Soup by Any Name is Good

BY Susan Hallett TIMEOctober 16, 2013 PRINT

Fall means soup-time to many people. According to the 18th century Dictionnaire de Trevoux, the word soupe is French but “extremely bourgeois.” In those days it was more sophisticated to serve potage.

By “soupe,” French people usually mean clear broths which may have minced herbs or diced meats or vegetables added, while “potage” is a more subtle mixture in which the broth is thickened with egg yolks and cream, a starch, or a vegetable puree, and that often has various garnishes as well.

In Italy any soup containing pasta, rice, or potatoes is called minestra; all other broths are called zuppa whether they are thickened or not.

Here are two recipes for soup lovers:

Brunoise (a French “soupe”)

1 small onion
2 small carrots
1 turnip
2 small leeks
3 stalks celery
50 ml (4 tbsp) butter
5 ml (1 tsp) sugar
2 ml (1/2 tsp) salt
250 ml (1 cup) broth
125 ml (1/2 cup) cooked peas
Fresh minced chervil for garnish

Wash vegetables. Scrape the carrots, peel the turnip, and then mince or dice them along with the other vegetables. Put vegetables (excluding the peas) in a pan with the butter and sprinkle with sugar and salt. Heat, then cover and cook gently for 10 minutes. Stir often. Cook until vegetables are golden, then add broth and simmer for l5 minutes. Just before serving, stir and pour into six bowls, add peas, and sprinkle with chervil.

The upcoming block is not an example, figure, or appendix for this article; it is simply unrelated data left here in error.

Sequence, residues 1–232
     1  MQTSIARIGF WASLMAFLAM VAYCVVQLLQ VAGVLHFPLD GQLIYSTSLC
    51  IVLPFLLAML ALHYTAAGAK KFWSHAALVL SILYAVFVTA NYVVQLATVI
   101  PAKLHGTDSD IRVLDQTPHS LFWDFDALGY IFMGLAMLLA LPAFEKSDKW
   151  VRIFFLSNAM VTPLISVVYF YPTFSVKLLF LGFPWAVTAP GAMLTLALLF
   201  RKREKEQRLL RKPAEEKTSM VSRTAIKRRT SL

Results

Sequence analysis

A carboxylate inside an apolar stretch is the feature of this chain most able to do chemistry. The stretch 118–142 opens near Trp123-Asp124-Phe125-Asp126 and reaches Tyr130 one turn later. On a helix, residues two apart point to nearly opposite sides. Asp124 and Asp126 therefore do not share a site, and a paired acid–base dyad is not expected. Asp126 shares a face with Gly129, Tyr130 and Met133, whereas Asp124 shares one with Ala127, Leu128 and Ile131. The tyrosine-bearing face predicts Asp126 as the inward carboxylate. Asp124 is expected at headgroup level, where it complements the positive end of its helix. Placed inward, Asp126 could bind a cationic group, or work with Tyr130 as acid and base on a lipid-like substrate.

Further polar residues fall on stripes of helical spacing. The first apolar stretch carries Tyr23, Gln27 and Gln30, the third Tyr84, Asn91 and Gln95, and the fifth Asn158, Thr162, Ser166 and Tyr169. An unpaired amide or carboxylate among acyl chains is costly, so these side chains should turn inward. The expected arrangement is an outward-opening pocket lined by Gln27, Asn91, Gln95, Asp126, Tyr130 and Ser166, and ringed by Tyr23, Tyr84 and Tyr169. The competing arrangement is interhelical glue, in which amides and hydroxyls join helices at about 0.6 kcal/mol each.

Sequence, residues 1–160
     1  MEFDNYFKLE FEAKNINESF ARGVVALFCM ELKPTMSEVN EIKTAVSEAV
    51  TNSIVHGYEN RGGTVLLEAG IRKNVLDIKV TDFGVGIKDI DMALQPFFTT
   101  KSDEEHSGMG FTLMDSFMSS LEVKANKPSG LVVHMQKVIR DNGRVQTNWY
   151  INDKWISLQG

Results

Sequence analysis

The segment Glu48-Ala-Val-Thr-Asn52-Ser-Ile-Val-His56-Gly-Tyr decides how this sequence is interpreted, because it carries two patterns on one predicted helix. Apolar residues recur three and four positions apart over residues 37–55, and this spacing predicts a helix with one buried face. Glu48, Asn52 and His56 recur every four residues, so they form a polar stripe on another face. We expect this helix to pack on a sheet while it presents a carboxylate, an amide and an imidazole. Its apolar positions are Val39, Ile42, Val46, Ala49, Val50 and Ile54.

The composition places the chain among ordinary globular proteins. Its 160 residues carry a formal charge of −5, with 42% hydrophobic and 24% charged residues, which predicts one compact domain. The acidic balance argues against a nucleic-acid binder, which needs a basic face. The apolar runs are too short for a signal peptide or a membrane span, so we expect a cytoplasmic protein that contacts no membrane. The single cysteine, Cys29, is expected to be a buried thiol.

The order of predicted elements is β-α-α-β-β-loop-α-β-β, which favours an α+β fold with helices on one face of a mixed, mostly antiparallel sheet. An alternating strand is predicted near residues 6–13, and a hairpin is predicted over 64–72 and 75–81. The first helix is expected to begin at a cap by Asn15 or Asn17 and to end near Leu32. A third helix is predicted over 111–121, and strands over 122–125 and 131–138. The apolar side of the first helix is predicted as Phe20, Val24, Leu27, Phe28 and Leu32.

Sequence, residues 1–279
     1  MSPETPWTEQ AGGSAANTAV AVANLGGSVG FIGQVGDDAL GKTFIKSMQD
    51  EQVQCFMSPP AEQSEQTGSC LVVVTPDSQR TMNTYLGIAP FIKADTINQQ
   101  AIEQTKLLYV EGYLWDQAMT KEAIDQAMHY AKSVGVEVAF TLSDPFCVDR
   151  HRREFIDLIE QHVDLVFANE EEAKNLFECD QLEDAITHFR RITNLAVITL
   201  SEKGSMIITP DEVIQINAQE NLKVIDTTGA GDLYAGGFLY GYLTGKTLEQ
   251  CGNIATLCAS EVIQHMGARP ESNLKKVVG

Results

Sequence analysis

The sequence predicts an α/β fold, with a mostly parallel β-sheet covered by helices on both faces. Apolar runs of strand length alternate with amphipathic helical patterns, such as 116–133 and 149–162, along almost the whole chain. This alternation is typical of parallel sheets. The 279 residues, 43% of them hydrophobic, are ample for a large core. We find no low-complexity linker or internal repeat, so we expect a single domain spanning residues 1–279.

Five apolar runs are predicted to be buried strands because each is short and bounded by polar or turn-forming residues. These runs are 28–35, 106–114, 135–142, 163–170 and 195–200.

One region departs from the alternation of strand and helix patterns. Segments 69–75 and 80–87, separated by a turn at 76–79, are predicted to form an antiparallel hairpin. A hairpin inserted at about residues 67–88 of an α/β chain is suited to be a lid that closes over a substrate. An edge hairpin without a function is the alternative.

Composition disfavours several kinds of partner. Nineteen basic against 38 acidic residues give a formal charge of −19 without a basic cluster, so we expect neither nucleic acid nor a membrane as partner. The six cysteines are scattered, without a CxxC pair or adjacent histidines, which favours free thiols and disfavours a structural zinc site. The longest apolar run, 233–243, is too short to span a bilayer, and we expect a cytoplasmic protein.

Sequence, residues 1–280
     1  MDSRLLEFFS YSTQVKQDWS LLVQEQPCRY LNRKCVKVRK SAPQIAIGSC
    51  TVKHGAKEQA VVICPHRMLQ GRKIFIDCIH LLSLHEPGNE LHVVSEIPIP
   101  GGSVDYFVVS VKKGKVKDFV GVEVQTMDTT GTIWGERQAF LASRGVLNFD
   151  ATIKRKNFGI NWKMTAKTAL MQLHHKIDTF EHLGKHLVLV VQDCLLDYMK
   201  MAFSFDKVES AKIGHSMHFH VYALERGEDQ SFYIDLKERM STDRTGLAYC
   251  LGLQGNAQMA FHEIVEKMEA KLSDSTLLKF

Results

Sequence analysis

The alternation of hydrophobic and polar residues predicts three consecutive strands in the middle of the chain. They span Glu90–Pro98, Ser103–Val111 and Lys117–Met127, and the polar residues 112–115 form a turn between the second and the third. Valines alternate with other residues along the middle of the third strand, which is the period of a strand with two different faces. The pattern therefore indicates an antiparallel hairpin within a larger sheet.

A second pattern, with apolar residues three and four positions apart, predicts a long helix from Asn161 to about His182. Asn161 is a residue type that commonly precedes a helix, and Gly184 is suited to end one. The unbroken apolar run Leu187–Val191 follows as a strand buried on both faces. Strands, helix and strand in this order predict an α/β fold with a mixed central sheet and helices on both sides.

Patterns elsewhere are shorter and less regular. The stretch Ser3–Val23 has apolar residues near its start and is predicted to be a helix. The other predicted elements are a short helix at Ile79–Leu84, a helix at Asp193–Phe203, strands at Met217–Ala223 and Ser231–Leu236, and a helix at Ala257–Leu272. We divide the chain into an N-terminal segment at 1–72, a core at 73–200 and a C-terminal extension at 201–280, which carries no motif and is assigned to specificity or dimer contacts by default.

Potage Longueville (cream of vegetable)

2 litres (8 cups) frozen peas
2 leeks, chopped
2 heads of lettuce
500 ml to 750 ml (2 to 3 cups) chicken bouillon
Salt and pepper
4 egg yolks
50 ml (4 tbsp) thick cream
250 ml (1 cup) cooked macaroni, drained and shredded

Cook peas, leeks, and lettuce in boiling salted water. Drain and mash vegetables. Blend a little of the cooking water into the puree and force through a sieve or blend in a blender. Mix with chicken bouillon until a thin cream-like consistency results. Season with salt and pepper and bring to a boil in a deep saucepan. Simmer for a few minutes. Skim. Beat egg yolks and cream together and slowly blend in. Strain through a cheesecloth, then add cooked macaroni. Serves 8.

Susan Hallett is an award-winning writer and editor who has written for The Beaver, The Globe & Mail, Wine Tidings, and Doctor’s Review, among others. She is currently the European editor of Taste & Travel International. Email:

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